The first of the Inland museums to be developed in Kenya.
Originally known as the Stoneham Museum, privately owned by Lieutenant colonel Hugh Stoneham — an amateur naturalist who lived in Kitale.
It was first opened in 1926, boasting the colonel's own collection of insects, animals, books and other artifacts from as far back as 1894 when he was just 5 years old.
After his death in 1966, the museum, and its funds were left to the Kenyan government.
A new building was erected on five acres of land on the outskirts of Kitale town, opening in December 1974 as Kitale museum.
By then, it was the first regional museum in the Kenya Museum Society.
Today, it has grown to include a lot more artifacts about the area and its people, animals and a large park used for conservation of plant and animal species, with a nature trail through it.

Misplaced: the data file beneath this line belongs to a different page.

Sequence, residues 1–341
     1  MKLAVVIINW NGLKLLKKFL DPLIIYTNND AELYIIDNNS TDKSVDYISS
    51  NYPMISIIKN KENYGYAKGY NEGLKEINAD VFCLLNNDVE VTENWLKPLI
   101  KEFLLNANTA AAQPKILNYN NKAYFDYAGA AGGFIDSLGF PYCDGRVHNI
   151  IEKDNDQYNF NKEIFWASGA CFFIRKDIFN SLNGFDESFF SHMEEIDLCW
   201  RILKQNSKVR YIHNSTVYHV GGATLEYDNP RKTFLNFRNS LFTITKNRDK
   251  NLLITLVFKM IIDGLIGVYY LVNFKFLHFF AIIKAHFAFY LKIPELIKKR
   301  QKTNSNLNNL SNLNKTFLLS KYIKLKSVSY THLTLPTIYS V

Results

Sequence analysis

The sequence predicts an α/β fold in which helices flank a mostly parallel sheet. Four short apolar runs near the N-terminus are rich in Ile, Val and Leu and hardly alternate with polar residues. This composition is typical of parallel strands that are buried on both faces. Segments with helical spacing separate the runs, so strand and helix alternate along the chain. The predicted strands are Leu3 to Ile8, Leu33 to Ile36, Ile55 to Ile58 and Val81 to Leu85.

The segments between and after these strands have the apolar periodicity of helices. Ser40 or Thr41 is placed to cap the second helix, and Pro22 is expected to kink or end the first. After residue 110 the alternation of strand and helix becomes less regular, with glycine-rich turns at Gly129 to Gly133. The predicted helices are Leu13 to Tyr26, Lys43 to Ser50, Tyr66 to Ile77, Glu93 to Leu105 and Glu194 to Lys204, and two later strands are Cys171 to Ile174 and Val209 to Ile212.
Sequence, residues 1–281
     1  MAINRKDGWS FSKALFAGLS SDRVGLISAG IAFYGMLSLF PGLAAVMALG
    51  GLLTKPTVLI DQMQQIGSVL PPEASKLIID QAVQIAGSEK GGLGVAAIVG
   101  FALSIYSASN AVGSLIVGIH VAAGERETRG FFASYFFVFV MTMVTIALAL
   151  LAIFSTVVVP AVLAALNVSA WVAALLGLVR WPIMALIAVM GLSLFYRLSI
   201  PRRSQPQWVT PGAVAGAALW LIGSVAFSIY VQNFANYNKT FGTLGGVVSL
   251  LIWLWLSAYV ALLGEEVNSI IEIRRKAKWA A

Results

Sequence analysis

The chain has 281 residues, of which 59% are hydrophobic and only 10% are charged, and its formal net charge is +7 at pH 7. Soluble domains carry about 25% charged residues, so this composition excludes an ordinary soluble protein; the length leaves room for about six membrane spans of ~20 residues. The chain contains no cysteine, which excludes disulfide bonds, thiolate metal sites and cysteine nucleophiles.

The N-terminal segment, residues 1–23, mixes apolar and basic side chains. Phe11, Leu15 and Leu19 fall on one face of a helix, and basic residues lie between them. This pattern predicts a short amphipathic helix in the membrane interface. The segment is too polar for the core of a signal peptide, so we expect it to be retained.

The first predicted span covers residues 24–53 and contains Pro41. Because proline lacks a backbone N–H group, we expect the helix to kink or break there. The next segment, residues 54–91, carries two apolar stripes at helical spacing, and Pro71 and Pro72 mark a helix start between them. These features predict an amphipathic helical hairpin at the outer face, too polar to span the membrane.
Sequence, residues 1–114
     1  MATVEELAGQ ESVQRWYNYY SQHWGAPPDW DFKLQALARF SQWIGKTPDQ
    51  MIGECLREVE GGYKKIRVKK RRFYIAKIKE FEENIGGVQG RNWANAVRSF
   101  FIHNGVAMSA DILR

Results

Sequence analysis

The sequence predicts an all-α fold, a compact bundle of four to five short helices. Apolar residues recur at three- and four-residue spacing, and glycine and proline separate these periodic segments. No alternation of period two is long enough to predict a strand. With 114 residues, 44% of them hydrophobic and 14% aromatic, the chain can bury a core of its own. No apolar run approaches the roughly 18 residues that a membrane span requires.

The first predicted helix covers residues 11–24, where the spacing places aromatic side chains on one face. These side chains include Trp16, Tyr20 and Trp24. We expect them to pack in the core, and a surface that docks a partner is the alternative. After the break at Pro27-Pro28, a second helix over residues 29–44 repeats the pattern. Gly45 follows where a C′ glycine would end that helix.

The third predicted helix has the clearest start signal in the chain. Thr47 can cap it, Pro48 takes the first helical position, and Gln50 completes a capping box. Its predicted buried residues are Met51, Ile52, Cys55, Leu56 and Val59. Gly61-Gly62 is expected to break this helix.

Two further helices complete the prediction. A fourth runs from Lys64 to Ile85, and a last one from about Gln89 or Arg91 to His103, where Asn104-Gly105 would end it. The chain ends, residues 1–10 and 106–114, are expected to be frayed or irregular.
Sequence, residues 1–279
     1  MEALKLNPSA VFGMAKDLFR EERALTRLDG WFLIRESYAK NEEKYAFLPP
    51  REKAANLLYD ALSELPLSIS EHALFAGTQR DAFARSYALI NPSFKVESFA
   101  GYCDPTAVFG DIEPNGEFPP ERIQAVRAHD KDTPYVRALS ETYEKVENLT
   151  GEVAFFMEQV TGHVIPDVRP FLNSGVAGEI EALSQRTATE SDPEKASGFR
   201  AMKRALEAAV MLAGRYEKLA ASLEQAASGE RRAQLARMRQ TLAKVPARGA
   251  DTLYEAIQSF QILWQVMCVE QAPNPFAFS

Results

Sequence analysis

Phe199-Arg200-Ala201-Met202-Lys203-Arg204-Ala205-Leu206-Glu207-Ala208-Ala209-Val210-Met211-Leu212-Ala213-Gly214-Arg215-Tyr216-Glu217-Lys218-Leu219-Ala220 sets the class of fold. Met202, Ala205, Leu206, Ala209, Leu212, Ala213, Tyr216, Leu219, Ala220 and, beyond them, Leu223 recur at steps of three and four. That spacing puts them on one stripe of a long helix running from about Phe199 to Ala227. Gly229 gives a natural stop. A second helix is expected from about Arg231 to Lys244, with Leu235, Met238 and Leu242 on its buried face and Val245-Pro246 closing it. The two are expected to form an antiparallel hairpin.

What to do thereLearn more about the history of the area, Lt. colonel Stoneham, its animal and plant species.
Or go hiking through the nature trail, with a chance to do some bird watching and picnics.
Best time to visitAny time of the year
Location of Kitale museumThe museum lies in the town of Kitale, about 380 km northwest of Nairobi — the country's capital.
It also is near the western border of Kenya, with the slopes of mount Elgon being about an hour's drive away.
How to get thereBy vehicle, air, passenger bus or walking — from within the town of Kitale.
There is an all weather airstrip in the area nearby, as well as a station for regional buses.
But for those with private transport, the road is tarmacked all the way from Nairobi.